DF, 0.52, 5.24, 0.90, 3.30, 0.00
DF, 0.55, 5.47, 0.91, 3.30, 0.00
DF, 0.67, 6.75, 0.93, 3.30, 0.00
DF, 0.68, 6.76, 0.94, 3.30, 0.00
DF, 0.71, 7.07, 0.94, 3.30, 0.00
DF, 0.71, 7.12, 0.94, 3.30, 0.00
RC, 0.40, 3.96, 0.88, 3.30, 0.00
RC, 0.45, 4.51, 0.89, 3.30, 0.00
RC, 0.52, 5.15, 0.90, 3.30, 0.00
RC, 0.52, 5.17, 0.90, 3.30, 0.00
RC, 0.52, 5.24, 0.90, 3.30, 0.00
RC, 0.55, 5.47, 0.91, 3.30, 0.00
RC, 0.67, 6.75, 0.93, 3.30, 0.00
RC, 0.68, 6.76, 0.94, 3.30, 0.00
RC, 0.71, 7.07, 0.94, 3.30, 0.00
RC, 0.71, 7.12, 0.94, 3.30, 0.00
WH, 0.40, 3.96, 0.88, 3.30, 0.00
WH, 0.45, 4.51, 0.89, 3.30, 0.00
WH, 0.52, 5.15, 0.90, 3.30, 0.00
WH, 0.52, 5.17, 0.90, 3.30, 0.00
WH, 0.52, 5.24, 0.90, 3.30, 0.00
WH, 0.55, 5.47, 0.91, 3.30, 0.00
WH, 0.67, 6.75, 0.93, 3.30, 0.00
WH, 0.68, 6.76, 0.94, 3.30, 0.00
WH, 0.71, 7.07, 0.94, 3.30, 0.00
WH, 0.71, 7.12, 0.94, 3.30, 0.00

WH25RC25:
RC, 0.40, 3.96, 0.88, 2.50, 0.00
RC, 0.45, 4.51, 0.89, 2.50, 0.00
RC, 0.52, 5.15, 0.90, 2.50, 0.00
RC, 0.52, 5.17, 0.90, 2.50, 0.00
RC, 0.52, 5.24, 0.90, 2.50, 0.00
RC, 0.55, 5.47, 0.91, 2.50, 0.00
RC, 0.67, 6.75, 0.93, 2.50, 0.00
RC, 0.68, 6.76, 0.94, 2.50, 0.00
RC, 0.71, 7.07, 0.94, 2.50, 0.00
RC, 0.71, 7.12, 0.94, 2.50, 0.00
WH, 0.45, 4.51, 0.89, 5.00, 0.00
WH, 0.52, 5.17, 0.90, 5.00, 0.00
WH, 0.55, 5.47, 0.91, 5.00, 0.00
WH, 0.68, 6.76, 0.94, 5.00, 0.00
WH, 0.71, 7.12, 0.94, 5.00, 0.00

WH50RC50:
RC, 0.40, 3.96, 0.88, 5.00, 0.00
RC, 0.45, 4.51, 0.89, 5.00, 0.00
RC, 0.52, 5.15, 0.90, 5.00, 0.00
RC, 0.52, 5.17, 0.90, 5.00, 0.00
RC, 0.52, 5.24, 0.90, 5.00, 0.00
RC, 0.55, 5.47, 0.91, 5.00, 0.00
RC, 0.67, 6.75, 0.93, 5.00, 0.00
RC, 0.68, 6.76, 0.94, 5.00, 0.00
RC, 0.71, 7.07, 0.94, 5.00, 0.00
RC, 0.71, 7.12, 0.94, 5.00, 0.00
WH, 0.40, 3.96, 0.88, 5.00, 0.00
WH, 0.45, 4.51, 0.89, 5.00, 0.00
WH, 0.52, 5.15, 0.90, 5.00, 0.00
WH, 0.52, 5.17, 0.90, 5.00, 0.00
WH, 0.52, 5.24, 0.90, 5.00, 0.00
WH, 0.55, 5.47, 0.91, 5.00, 0.00
WH, 0.67, 6.75, 0.93, 5.00, 0.00
WH, 0.68, 6.76, 0.94, 5.00, 0.00
WH, 0.71, 7.07, 0.94, 5.00, 0.00
WH, 0.71, 7.12, 0.94, 5.00, 0.00

DF350:
DF, 0.27, 1.33, 0.83, 7.00, 0.00
DF, 0.51, 2.54, 0.85, 7.00, 0.00
DF, 0.61, 3.07, 0.86, 7.00, 0.00
DF, 0.61, 3.07, 0.86, 7.00, 0.00
DF, 0.63, 3.14, 0.86, 7.00, 0.00
DF, 0.68, 3.39, 0.87, 7.00, 0.00
DF, 0.68, 3.40, 0.87, 7.00, 0.00
DF, 0.69, 3.45, 0.87, 7.00, 0.00
DF, 0.74, 3.71, 0.87, 7.00, 0.00
DF, 0.75, 3.76, 0.88, 7.00, 0.00
DF, 0.79, 3.96, 0.88, 7.00, 0.00
DF, 0.82, 4.08, 0.88, 7.00, 0.00
DF, 0.83, 4.13, 0.88, 7.00, 0.00
DF, 0.87, 4.35, 0.89, 7.00, 0.00
DF, 0.90, 4.49, 0.89, 7.00, 0.00
DF, 0.90, 4.51, 0.89, 7.00, 0.00
DF, 0.92, 4.62, 0.89, 7.00, 0.00
DF, 0.94, 4.69, 0.89, 7.00, 0.00
DF, 0.94, 4.72, 0.89, 7.00, 0.00
DF, 0.98, 4.89, 0.90, 7.00, 0.00
DF, 0.99, 4.97, 0.90, 7.00, 0.00
DF, 1.03, 5.15, 0.90, 7.00, 0.00
DF, 1.03, 5.17, 0.90, 7.00, 0.00
DF, 1.04, 5.18, 0.90, 7.00, 0.00
DF, 1.04, 5.19, 0.90, 7.00, 0.00
DF, 1.04, 5.21, 0.90, 7.00, 0.00
DF, 1.04, 5.21, 0.90, 7.00, 0.00
DF, 1.05, 5.24, 0.90, 7.00, 0.00
DF, 1.06, 5.32, 0.91, 7.00, 0.00
DF, 1.09, 5.45, 0.91, 7.00, 0.00
DF, 1.09, 5.47, 0.91, 7.00, 0.00
DF, 1.11, 5.57, 0.91, 7.00, 0.00
DF, 1.12, 5.61, 0.91, 7.00, 0.00
DF, 1.15, 5.75, 0.91, 7.00, 0.00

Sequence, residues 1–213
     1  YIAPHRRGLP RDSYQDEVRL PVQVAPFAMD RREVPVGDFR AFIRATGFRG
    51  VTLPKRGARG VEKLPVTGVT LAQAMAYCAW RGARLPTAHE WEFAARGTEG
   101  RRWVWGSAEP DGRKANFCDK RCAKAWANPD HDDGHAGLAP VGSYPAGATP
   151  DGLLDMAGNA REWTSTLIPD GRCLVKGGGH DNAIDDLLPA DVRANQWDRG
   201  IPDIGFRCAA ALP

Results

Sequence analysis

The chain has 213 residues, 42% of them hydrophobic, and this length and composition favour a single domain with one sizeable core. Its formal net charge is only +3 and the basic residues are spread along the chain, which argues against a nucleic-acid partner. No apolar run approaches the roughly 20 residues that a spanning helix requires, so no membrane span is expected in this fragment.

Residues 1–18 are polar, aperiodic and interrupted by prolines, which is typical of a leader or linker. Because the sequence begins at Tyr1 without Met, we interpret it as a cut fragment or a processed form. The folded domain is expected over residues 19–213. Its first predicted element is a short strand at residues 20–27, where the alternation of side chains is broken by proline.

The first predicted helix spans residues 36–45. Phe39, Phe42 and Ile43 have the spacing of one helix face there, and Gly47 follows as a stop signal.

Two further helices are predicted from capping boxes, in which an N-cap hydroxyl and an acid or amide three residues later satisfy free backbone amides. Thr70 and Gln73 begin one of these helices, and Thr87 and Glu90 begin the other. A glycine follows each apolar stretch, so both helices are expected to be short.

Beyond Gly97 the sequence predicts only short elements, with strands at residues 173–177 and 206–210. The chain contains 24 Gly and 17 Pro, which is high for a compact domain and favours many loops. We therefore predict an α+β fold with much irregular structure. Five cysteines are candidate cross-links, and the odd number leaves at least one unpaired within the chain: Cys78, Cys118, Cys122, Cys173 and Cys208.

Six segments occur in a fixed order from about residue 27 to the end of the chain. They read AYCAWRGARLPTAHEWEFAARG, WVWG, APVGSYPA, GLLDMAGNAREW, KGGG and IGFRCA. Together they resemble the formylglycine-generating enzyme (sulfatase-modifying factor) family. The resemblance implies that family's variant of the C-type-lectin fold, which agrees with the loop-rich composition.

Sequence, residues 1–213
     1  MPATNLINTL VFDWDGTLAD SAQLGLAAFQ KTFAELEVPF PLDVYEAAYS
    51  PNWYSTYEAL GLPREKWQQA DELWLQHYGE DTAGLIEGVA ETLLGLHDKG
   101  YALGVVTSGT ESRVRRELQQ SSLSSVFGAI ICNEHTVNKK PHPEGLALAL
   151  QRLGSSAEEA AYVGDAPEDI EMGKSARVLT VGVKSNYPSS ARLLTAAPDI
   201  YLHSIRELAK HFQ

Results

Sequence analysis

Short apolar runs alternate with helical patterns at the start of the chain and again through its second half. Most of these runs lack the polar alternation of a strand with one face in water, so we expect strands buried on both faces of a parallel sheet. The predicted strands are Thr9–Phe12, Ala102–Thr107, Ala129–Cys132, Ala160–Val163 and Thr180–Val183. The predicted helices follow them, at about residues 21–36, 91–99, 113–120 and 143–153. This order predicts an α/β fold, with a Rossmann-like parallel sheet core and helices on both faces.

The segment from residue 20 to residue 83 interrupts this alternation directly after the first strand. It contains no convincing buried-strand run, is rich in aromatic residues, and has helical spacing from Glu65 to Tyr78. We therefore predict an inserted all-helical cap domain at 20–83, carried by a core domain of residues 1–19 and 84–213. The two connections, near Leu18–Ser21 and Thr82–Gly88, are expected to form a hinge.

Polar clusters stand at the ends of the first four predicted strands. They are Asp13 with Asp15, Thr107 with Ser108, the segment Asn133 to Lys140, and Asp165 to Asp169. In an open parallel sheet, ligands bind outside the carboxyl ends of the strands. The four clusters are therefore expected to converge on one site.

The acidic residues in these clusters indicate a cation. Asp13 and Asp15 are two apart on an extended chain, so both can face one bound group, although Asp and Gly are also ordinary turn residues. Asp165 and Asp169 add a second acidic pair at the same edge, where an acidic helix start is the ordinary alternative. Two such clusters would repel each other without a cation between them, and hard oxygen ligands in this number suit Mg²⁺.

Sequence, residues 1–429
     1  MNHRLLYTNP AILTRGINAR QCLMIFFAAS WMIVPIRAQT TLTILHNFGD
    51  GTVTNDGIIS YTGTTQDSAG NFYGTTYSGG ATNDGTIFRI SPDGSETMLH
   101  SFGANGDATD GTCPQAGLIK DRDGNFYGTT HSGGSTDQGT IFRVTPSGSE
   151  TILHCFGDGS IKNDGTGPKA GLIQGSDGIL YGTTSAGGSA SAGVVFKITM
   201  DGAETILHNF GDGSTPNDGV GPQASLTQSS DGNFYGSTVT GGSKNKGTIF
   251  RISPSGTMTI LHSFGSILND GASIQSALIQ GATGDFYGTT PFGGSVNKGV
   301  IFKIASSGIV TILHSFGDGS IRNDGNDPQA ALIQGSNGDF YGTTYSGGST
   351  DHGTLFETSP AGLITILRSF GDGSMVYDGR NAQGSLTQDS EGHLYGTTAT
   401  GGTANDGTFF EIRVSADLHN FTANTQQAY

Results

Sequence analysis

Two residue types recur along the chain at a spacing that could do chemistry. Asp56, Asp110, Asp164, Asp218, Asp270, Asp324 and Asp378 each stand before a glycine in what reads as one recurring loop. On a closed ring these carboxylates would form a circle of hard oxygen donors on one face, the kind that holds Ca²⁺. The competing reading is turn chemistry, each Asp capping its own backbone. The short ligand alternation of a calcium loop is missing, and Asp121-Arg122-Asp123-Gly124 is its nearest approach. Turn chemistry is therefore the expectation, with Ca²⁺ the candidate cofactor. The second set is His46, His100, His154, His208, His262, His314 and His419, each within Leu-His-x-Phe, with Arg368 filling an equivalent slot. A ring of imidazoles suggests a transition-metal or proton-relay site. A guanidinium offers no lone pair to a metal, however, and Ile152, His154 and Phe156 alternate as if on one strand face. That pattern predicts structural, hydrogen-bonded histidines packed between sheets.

DF, 1.17, 5.86, 0.92, 7.00, 0.00
DF, 1.27, 6.34, 0.93, 7.00, 0.00
DF, 1.33, 6.63, 0.93, 7.00, 0.00
DF, 1.33, 6.67, 0.93, 7.00, 0.00
DF, 1.35, 6.75, 0.93, 7.00, 0.00
DF, 1.35, 6.76, 0.94, 7.00, 0.00
DF, 1.37, 6.85, 0.94, 7.00, 0.00
DF, 1.39, 6.94, 0.94, 7.00, 0.00
DF, 1.41, 7.04, 0.94, 7.00, 0.00
DF, 1.41, 7.04, 0.94, 7.00, 0.00
DF, 1.41, 7.07, 0.94, 7.00, 0.00
DF, 1.42, 7.12, 0.94, 7.00, 0.00
DF, 1.53, 7.64, 0.95, 7.00, 0.00
DF, 1.57, 7.84, 0.96, 7.00, 0.00
DF, 1.85, 9.27, 0.99, 7.00, 0.00
DF, 1.91, 9.55, 0.99, 7.00, 0.00

Click for table of content

Pathway percentages for BLM and Private alternatives.

BLM Alternative E:

Pathway G1 G2 G3 G4 G5
1 10 10 10 10 25
2 0 0 0 0 0
3 0 0 0 0 0
4 0 0 0 0 0
5 0 0 0 0 0
6 0 0 0 0 0
7 0 0 90 0 0
8 0 0 0 0 75
9 0 0 0 0 0
10 90 90 0 0 0
11 0 0 0 0 0
12 0 0 0 90 0
13 0 0 0 0 0
14 0 0 0 0 0
15 0 0 0 0 0
Pathway G6 G7 G8 G9 G10
1 25 25 26 25 25
2 0 0 0 0 0
3 0 0 0 0 0
4 0 0 0 0 0
5 0 0 0 0 0
6 0 0 0 39 0
7 0 0 0 36 0
8 75 0 0 0 75
9 0 75 0 0 0
10 0 0 0 0 0
11 0 0 0 0 0
12 0 0 16 0 0
13 0 0 58 0 0
14 0 0 0 0 0
15 0 0 0 0 0
Pathway G11 G12 G13 G14 G15
1 50 50 50 100 100
2 0 0 0 0 0
3 0 18 50 0 0
4 0 32 0 0 0
5 0 0 0 0 0
6 0 0 0 0 0
7 26 0 0 0 0
8 24 0 0 0 0
9 0 0 0 0 0
10 0 0 0 0 0
11 0 0 0 0 0
12 0 0 0 0 0
13 0 0 0 0 0
14 0 0 0 0 0
15 0 0 0 0 0
Pathway G16        
1 100        
2 0        
3 0        
4 0        
5 0        
6 0        
7 0        
8 0        
9 0        
10 0        
11 0        
12 0        
13 0        
14 0        
15 0        
Pathway G21 G22 G23 G24 G25
1 10 10 10 10 25
2 0 0 0 0 0
3 0 0 0 0 0
4 0 0 0 0 0
5 0 0 0 0 75
6 0 0 0 0 0
7 0 0 90 0 0
8 0 0 0 0 0
9 0 0 0 0 0
10 90 90 0 0 0
11 0 0 0 0 0
12 0 0 0 90 0
13 0 0 0 0 0
14 0 0 0 0 0
15 0 0 0 0 0
Pathway G26 G27 G28 G29 G30
1 25 25 26 25 25
2 0 0 0 0 0
3 0 0 0 0 0
4 0 0 0 0 0
5 75 0 0 0 75
6 0 75 0 46 0
7 0 0 0 29 0
8 0 0 22 0 0
9 0 0 52 0 0
10 0 0 0 0 0
11 0 0 0 0 0
12 0 0 0 0 0
13 0 0 0 0 0
14 0 0 0 0 0
15 0 0 0 0 0
Pathway G31 G32 G33 G34 G35
1 50 50 52 100 100
2 0 0 0 0 0
3 0 18 48 0 0
4 0 32 0 0 0
5 23 0 0 0 0
6 27 0 0 0 0
7 0 0 0 0 0
8 0 0 0 0 0
9 0 0 0 0 0
10 0 0 0 0 0
11 0 0 0 0 0
12 0 0 0 0 0
13 0 0 0 0 0
14 0 0 0 0 0
15 0 0 0 0 0
Pathway G36        
1 100        
2 0        
3 0        
4 0        
5 0        
6 0        
7 0        
8 0        
9 0        
10 0        
11 0        
12 0        
13 0        
14 0        
15 0        

Click for table of content

Private Alternative 2:

Pathway G1 G2 G3 G4 G5 G6
1 50 0 0 0 0 100
2 5 15 0 29 17 0
3 5 13 0 25 16 0
4 5 12 0 10 15 0
5 5 12 0 10 14 0
6 5 10 0 10 13 0
7 5 8 30 10 13 0
8 5 8 28 2 12 0
9 7 6 27 2 0 0
10 8 6 15 2 0 0
11 0 10 0 0 0 0
12 0 0 0 0 0 0
13 0 0 0 0 0 0
14 0 0 0 0 0 0
15 0 0 0 0 0 0

 

Private Alternative 3:

Pathway G1 G2 G3 G4 G5 G6
1 50 0 0 0 0 100
2 0 0 0 0 0 0
3 0 0 0 0 0 0
4 0 0 0 0 0 0
5 0 0 0 0 0 0
6 0 0 0 0 0 0
7 0 0 0 0 0 0
8 0 0 0 0 0 0
9 0 0 0 0 0 0
10 0 0 0 0 0 0
11 0 0 0 0 0 0
12 0 0 0 0 0 0
13 0 0 0 0 0 0
14 0 0 0 0 0 0
15 0 0 0 0 0 0
16 0 0 0 0 0 0
17 0 0 0 0 0 0
18 0 0 0 0 0 0
19 0 0 0 0 0 0
20 0 0 0 0 0 0
21 0 0 0 0 0 0
22 0 0 0 17 0 0
23 0 0 0 17 0 0
24 10 0 0 17 14 0
25 10 5 0 15 14 0
26 10 5 0 19 12 0
27 5 7 0 15 11 0
28 5 10 0 0 11 0
29 5 8 5 0 11 0
30 5 8 3 0 10 0
31 0 9 47 0 9 0
32 0 10 45 0 8 0
33 0 10 0 0 0 0
34 0 10 0 0 0 0
35 0 7 0 0 0 0
36 0 8 0 0 0 0
37 0 3 0 0 0 0
38 0 0 0 0 0 0
39 0 0 0 0 0 0
40 0 0 0 0 0 0

Click for table of content

 
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Last Updated 11/4/2019 3:31:58 PM